In another case-control study from Uruguay, the association between mate drinking and cancer of the oral cavity and pharynx was investigated. A total of 108 male cases of squamous-cell carcinoma of the oral cavity (excluding lip and salivary glands) and of the pharynx admitted to a university hospital in 1985–86 were included; 286 controls from the same hospital with diagnoses other than diseases related to smoking and alcohol consumption were selected. Interviews were carried out by social workers who were unaware of the diagnosis of the patients. A dose-response association between daily intake of mate and risk for oropharyngeal cancer was observed (crude RR, 1.0, 2.8 and 7.8 for < 11 per day, 1–1.991 per day and > 2 1 per day). This trend was still present after adjustment for confounding variables (age, smoking and alcohol intake) (De Stefani et al., 1988). [The Working Group noted that no attempt was made to compare the temperature at which mate was drunk by cases and controls.]

(iii) Larynx

A case-control study in Montevideo, Uruguay, included 107 histologically confirmed male incident cases of squamous-cell carcinoma of the larynx diagnosed at one hospital and 290 controls selected from the same hospital between June 1985 and May 1986. A questionnaire eliciting information on tobacco, alcohol, diet and mate drinking was administered by three trained interviewers. Controls were patients who had diseases other than those associated with tobacco and alcohol consumption. A significantly increased risk was found for mate drinking versus no drinking of mate (RR, 3.4; 95% confidence interval, 1.8–6.6), and there was a significant dose-response relationship after adjustment for age, tobacco and alcohol (De Stefani et al., 1987).

(iv) Bladder

A case-control study of 99 male cases of histologically confirmed bladder cancer and two groups each of 99 controls (one hospital, one neighbourhood) identified between March 1983 and December 1985 in La Plata, Argentina, included information on mate, besides coffee and tea drinking. The participation rate was 97% of cases and 96% of controls. Although a significant positive trend with dose was observed for coffee (see p. 127), no such association was found for mate (see Table 3) (Iscovich et al., 1987). [The Working Group noted that no adjustment was made for coffee consumption.]

4. Summary of Data Reported and Evaluation

4.1. Exposure data

Mate, an aqueous infusion prepared from dried leaves of Ilex paraguariensis, is consumed mainly in Argentina, Bolivia, Brazil, Chile, Ecuador, Paraguay and Uruguay. It is usually drunk very hot following repeated addition of almost boiling water to the infusion; in Paraguay and southwestern Brazil, however, it is also drunk cold. Among numerous constituents, caffeine, theobromine and a number of chlorogenic acids have been identified in mate.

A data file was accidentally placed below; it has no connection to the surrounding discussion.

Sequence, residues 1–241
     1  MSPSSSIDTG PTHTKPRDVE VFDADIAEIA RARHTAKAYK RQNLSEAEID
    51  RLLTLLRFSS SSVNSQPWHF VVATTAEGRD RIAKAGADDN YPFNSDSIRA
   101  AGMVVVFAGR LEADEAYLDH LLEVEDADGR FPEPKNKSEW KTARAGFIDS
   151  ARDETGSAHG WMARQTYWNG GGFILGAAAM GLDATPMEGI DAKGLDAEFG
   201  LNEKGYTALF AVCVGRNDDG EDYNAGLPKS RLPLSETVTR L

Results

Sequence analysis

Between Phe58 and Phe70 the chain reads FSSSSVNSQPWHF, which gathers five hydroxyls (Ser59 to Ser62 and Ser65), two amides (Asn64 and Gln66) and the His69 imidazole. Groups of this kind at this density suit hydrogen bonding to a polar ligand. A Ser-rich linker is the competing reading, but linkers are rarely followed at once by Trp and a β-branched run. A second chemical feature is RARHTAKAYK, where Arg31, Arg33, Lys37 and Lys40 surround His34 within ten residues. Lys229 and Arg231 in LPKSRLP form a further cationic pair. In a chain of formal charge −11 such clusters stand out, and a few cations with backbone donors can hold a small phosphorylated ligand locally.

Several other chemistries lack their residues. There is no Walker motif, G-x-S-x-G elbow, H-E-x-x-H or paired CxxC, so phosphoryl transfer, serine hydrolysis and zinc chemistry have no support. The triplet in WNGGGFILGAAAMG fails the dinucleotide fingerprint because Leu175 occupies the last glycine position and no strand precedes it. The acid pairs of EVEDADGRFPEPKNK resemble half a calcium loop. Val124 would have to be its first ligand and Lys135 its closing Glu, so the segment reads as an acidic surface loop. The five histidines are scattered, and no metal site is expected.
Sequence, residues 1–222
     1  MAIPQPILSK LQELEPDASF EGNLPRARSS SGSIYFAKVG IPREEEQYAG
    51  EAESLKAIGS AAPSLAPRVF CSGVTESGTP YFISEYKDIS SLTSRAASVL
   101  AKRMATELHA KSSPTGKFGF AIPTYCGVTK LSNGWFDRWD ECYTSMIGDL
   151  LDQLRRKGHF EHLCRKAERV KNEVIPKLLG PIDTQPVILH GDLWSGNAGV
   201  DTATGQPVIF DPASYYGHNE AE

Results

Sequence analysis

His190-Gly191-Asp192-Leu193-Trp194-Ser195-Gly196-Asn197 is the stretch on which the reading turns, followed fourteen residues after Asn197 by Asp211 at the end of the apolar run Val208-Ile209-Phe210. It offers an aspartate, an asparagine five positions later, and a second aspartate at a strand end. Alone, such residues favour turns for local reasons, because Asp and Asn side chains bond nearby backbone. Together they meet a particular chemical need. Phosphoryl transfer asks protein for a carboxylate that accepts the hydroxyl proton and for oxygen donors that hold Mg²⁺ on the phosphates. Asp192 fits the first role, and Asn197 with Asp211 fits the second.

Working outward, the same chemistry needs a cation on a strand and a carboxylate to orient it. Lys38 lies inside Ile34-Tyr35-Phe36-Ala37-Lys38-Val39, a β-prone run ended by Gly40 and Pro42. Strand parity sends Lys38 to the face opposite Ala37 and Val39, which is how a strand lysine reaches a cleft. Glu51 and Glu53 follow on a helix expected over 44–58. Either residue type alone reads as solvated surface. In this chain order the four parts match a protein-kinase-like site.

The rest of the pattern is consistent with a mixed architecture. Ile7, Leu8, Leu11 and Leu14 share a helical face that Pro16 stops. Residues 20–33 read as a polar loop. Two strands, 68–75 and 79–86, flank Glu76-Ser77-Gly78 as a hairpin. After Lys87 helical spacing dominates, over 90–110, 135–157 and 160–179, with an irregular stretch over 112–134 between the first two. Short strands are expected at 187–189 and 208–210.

4.2. Experimental carcinogenicity data

No data were available to the Working Group.

4.3. Human carcinogenicity data

Three case-control studies in South America have investigated the association between mate drinking and oesophageal cancer. Two studies from Uruguay reported an increased risk among drinkers and dose-response relationships, even after adjustment for confounding variables, including alcohol consumption and smoking. Heavy drinkers of mate were approximately ten times more likely to develop cancer than people who did not drink mate. Another study in southern Brazil showed a nonsignificant increase in risk for oesophageal cancer among daily drinkers of mate after adjustment for confounding variables; however, intake levels were lower than in the previous studies, and no attempt was made to assess a possible dose-response relationship.

The role of mate in oral cancer was the subject of another case-control investigation in Brazil. The crude analysis showed a dose-response effect with the frequency of mate drinking, but this effect was no longer present after adjustment for smoking and alcohol consumption. After such adjustment, mate drinkers were 1.6 times more likely to have oral cancer than nondrinkers of mate — a nonsignificant difference. A case-control study from Uruguay reported a dose-response association between mate drinking and oropharyngeal cancer, which remained after adjustment for age, alcohol and smoking.

One study from Uruguay reported a three-fold increased risk for laryngeal cancer among mate drinkers, with a significant dose-response relationship after adjustment for age, tobacco and alcohol.

The results of a case-control study of bladder cancer in Argentina showed no evidence of trend in risk with increasing consumption of mate.